By Rebecca Demarest
I made almost all of my own dresses for my high school formals. Junior Homecoming was not going to be an exception, but this time I decided to tackle one of the most difficult patterns there is; a Vogue strapless – sleek, stunning, complicated and requiring a lot of patience, something of which I am always in short supply. It was going to be an intricate contraption with a custom built interior corset and a bolero jacket. I’d even found material that was Bothell High School blue for the dress and midnight blue for the jacket. I didn’t have a date, as such, but I was hopeful. I guess everything begins with a first step, and the first step for sewing is cutting out the pattern. You have to cut sewing patterns a little outside the line and then iron them so they lie flat on the fabric because they have been sitting in the pattern folder for months on end.
I pulled into a space in the gym parking lot during lunch break after the obligatory menstrual run to the supermarket for a friend. But He was walking over, actually looking at me, smiling at me so I reached over and nudged the Safeway bag of necessities onto the floor, hoping he wouldn’t notice. My window was down because it was a crisp fall day, the kind we don’t have a lot of in Washington State and I wanted to drink it in before the rains made everything too damp.
He leaned into the window, resting his forearm on the top of the car. His musk reminded me of summer football. “Nice car,” he said and then pointed over his shoulder to his parking spot. “I’ve always been a fan of the Dodge Neon.” I looked at the Ram on the steering wheel of my blue Neon and then glanced over my shoulder at his black Neon.
“I like her, she drives well.” I looked up at him through my lashes, trying to be coy, decided I like being able to see his smile better, and looked straight into his brown eyes.
“It’s too bad yours is an automatic, takes all the fun out of it.”
He started to pull back from my door and I found myself blurting, “Don’t kid yourself. I know how to handle a stick, I just like to have my hands free while driving.” He leans back towards the car, chuckling low in his throat. I tried desperately to keep my face from turning red as I felt the tips of my ears begin to burn.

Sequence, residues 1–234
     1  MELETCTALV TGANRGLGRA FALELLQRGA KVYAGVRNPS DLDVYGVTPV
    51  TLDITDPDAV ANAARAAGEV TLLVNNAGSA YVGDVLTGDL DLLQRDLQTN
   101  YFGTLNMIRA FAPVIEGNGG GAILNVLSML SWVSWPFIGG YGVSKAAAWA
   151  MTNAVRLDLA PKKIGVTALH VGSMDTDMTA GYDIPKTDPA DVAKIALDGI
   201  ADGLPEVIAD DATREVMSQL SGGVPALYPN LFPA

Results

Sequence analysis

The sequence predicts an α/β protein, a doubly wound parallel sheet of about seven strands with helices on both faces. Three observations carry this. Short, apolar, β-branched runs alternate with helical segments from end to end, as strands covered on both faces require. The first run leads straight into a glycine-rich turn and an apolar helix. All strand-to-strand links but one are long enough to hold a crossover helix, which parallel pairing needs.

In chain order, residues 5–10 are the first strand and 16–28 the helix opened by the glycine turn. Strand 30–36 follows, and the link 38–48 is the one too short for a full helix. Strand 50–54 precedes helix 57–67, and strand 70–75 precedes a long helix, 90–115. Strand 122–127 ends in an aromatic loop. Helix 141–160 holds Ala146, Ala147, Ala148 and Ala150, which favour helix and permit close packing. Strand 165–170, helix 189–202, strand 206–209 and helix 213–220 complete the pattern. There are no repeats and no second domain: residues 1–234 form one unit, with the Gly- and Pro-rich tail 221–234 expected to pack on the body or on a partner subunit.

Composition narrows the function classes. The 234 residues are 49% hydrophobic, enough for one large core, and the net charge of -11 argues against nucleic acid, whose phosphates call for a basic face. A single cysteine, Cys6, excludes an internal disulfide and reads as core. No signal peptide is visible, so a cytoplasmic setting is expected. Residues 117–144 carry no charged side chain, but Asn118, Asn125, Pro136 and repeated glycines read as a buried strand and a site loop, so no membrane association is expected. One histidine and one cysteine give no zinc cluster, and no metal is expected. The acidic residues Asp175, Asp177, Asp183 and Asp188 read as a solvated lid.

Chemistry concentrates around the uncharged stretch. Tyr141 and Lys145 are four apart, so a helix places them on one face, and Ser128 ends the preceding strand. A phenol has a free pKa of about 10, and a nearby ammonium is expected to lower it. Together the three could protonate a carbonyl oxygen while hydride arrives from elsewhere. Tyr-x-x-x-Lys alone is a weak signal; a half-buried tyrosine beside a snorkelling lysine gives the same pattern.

“I’m sure you do. I’ll see you around, Becca.”
After the fabric was cut, I focused on getting the seams of the outer dress sewn at the perfect three-quarter inch width. There is a kind of Zen meditation that falls over me while I’m sewing the long, straight lines of a dress. I could go forever, pushing the foot pedal and inching forward until I need to stop, rearrange the material and my hands, and then continue forward another foot, two feet. Long seams are the easiest and fastest things to sew, so much better than zippers and boning; seams are kind of like stretching before you start strenuous exercise.
I am in my typical spot in the bleachers at the football game. I go to every home game, third section, thirteen rows up, on the left hand side of the row with my enormous drum perched like a beached whale on the row in front of me. I watch him on the field, offensive first string; him in his spot, me in mine.
The game is rough, he goes out to catch his breath after a particularly rough tackle and the team starts falling behind. He goes back in for the third quarter, but even his skill can’t keep the team from losing by two points.
I wait for him outside of the locker room, but of course he’s one of the last out. He and coach always liked to discuss the game while it was fresh on their minds. He looks wiped when he finally appears in his jeans and faded concert tee. I approach cautiously, hoping he wouldn’t brush me off . “I’m sorry about the game. You look like you could use a hug.” I extend my arms and he doesn’t say a word, just sags into them for a moment, then regains his footing and steps back. He lays a hand on my shoulder, silently, and then heads to his car.